Another challenge of setting the church's care by the standard of who is a 'member' or not is what happens when someone leaves the fellowship. We are living in an era of church hopping and church shopping, and that means that a number of persons are coming in our doors, staying awhile, and then leaving.
If we define our services by who is or is not a member, what do we do with these persons?
In my experience, and there's a part of me that hates to say this, a number of persons who leave a church are not shy about coming back to it when they find themselves in need of something. I have been blessed to commit to a single congregation for over twenty years now, and I can't tell you the number of times that someone has left our congregation, joined another congregation, and then come back to ask us for financial assistance when the bills get a little too far behind or when a loved one dies unexpectedly.
The emails always come out. "So-and-so, who attended here for a long time, is in financial need. To help with this burden, please contact the church office." Meanwhile, so-and-so's social media is filled with quotes and texts and shares from the church that so-and-so now attends and has been attending for 2, 3, 7 years.
Now, if we've set a policy that we only care in such ways for our 'members,' what are we supposed to do here?
The truth is that the answer to this question says more about who we are as a congregation than about our former brother or sister. Yes, it's heartbreaking that that person is no longer in our fellowship. Yes, it's frustrating that they've come knocking on our door instead of asking their new friends for help. Yes, it feels sometimes like someone is taking advantage of a community they are no longer investing in, a community that they have - in some regard - torn a thread from in their leaving. And it would be easy for us to turn our backs and say, no. Simply, no. You chose not to be part of our fellowship, so don't come knocking on our door when you have a need. Go ask the church where you actually spend your Sundays. Go ask the church where you now tithe.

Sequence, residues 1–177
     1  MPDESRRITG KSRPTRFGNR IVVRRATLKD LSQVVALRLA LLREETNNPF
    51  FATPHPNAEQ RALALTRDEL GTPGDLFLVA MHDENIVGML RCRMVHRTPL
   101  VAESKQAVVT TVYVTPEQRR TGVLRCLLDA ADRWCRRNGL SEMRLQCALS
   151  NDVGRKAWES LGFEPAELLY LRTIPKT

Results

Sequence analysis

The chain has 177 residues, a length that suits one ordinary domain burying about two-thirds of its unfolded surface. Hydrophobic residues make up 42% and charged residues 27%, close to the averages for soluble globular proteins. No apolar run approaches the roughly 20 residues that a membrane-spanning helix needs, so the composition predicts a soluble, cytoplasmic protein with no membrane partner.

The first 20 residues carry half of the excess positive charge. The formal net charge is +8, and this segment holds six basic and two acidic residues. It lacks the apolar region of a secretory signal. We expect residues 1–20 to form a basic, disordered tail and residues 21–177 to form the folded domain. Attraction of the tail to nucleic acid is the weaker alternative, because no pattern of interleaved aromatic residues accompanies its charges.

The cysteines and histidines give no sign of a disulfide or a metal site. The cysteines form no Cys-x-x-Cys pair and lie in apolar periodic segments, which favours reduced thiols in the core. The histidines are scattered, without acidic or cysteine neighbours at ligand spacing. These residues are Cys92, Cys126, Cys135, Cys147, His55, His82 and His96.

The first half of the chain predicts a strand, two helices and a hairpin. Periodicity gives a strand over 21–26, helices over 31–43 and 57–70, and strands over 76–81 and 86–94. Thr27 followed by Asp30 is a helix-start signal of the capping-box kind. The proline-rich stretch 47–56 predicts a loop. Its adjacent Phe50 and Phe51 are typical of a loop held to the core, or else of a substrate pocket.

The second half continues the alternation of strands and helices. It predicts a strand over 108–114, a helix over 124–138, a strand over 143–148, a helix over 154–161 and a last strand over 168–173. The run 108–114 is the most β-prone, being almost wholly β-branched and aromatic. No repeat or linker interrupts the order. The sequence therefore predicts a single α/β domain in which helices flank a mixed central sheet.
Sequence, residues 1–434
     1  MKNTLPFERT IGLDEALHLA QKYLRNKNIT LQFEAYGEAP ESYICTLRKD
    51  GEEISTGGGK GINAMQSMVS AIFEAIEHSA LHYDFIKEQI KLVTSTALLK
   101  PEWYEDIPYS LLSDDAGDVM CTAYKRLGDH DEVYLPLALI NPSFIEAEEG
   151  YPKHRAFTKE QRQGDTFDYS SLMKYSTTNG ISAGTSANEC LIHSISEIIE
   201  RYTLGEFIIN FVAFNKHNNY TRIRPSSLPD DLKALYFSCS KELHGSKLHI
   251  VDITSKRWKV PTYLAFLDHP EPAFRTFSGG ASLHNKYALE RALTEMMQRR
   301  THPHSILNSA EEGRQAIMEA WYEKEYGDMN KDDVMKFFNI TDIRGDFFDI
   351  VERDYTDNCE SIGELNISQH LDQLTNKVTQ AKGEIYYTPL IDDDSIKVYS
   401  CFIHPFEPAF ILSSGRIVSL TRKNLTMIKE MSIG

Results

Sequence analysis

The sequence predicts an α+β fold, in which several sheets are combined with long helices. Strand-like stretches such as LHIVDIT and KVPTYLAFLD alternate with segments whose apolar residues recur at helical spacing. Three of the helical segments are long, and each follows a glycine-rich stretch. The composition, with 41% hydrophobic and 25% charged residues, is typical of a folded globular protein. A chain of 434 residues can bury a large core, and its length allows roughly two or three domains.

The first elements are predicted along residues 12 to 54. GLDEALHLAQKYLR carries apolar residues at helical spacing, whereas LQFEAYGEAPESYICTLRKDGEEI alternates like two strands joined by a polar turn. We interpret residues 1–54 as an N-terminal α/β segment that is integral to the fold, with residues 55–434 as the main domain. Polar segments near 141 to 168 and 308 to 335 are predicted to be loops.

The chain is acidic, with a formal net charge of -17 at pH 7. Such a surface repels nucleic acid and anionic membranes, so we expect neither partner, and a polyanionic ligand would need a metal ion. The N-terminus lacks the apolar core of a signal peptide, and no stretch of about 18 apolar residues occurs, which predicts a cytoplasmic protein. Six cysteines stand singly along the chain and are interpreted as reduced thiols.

But this attitude can only ever put a bitterness in our souls. Honestly. It can only make us sour toward those who have been part of our lives, part of our journey. These persons invested in us for a time; they are our brothers and sisters. (For that matter, even those who have not been with us for any length of time can be our brothers and sisters.) And a church cannot afford to be marked by bitterness.
That's why we can't draw lines about who's in and who's out. Because it never defines who they are; it only ever defines who we are.
And I am proud to say that I belong to a church that helps our brothers and sisters, whether they still journey with us or they have moved on. I am proud to say that we don't draw those lines. We help those who have left us just the same as we help those who are still with us. Because we are a church who responds to God's call for us to love one another, even when that love seems lost between us.
Because that's who we are.
And we couldn't be that if we were drawing lines about what makes a member and what doesn't, about who belongs and who doesn't, about who we're willing to invest in and who we aren't.
That's why these kinds of questions matter.